The problem is that the newbie will not actually read all this extensive information. This is well known, and John Carroll demonstrated it amply in the experiments that he records in The Nurnberg Funnel. Rather than sitting down to read to remedy their extensive information deficit, new users will dive it to the problem trying to complete a specific goal and will only look at instructions when they get stuck. Even then, they will not use the instructions systematically, but will dip in briefly and execute the first thing they see that looks like something they recognize as a coherent instruction, even if it is nothing of the kind.

This behavior Carroll ascribed to what he called “the paradox of sensemaking”. In essence, people did not have the experience and the mental model to grasp what the large volume of content was saying to them. Like dry soil, they have no capacity to absorb anything. They can only take up small snippets of information at a time, and it generally takes some experience that cracks open their preconceptions about how things work to open them up to receiving the information, let alone to instill in them the patience to read it in the first place.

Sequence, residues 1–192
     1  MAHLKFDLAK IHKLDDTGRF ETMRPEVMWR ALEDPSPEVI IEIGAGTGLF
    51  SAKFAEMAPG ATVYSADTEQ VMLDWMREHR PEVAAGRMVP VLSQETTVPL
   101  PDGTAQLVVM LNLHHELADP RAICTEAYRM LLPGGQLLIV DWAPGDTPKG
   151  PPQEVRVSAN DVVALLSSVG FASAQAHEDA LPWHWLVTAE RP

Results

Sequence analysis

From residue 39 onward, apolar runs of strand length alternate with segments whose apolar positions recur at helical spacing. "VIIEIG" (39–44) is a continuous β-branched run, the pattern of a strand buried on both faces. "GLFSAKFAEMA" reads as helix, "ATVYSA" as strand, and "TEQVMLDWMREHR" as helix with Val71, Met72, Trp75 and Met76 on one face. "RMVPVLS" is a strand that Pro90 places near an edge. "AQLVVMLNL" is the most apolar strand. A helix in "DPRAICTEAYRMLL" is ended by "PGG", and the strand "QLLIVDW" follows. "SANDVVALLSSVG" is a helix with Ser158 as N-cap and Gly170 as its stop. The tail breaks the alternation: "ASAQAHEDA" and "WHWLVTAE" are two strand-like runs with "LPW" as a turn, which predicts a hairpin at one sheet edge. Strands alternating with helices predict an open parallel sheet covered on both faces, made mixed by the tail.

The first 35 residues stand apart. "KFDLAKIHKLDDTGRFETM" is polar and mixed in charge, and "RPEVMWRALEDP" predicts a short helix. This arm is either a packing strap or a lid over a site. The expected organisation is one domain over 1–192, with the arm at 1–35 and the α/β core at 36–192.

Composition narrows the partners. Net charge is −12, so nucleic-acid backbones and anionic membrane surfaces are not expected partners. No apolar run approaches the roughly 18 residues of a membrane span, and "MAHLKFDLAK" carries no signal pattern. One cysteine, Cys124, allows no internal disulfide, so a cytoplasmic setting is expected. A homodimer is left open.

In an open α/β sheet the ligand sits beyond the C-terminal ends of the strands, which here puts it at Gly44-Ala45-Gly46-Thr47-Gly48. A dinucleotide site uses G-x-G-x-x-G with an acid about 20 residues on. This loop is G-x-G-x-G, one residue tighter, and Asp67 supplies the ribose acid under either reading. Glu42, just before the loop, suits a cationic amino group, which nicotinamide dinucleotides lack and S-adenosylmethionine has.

Novices, in other words, can only take up information slowly. Experts can take up information rapidly because they have the experience to understand it and the mental models to accommodate it. Based on this observation about the relative capacities of novices and experts, we would be forced to come to the opposite conclusion, that the novices need brief information, since that is all they can absorb, whereas experts should be provided with extensive documentation because they alone can absorb and take advantage of it.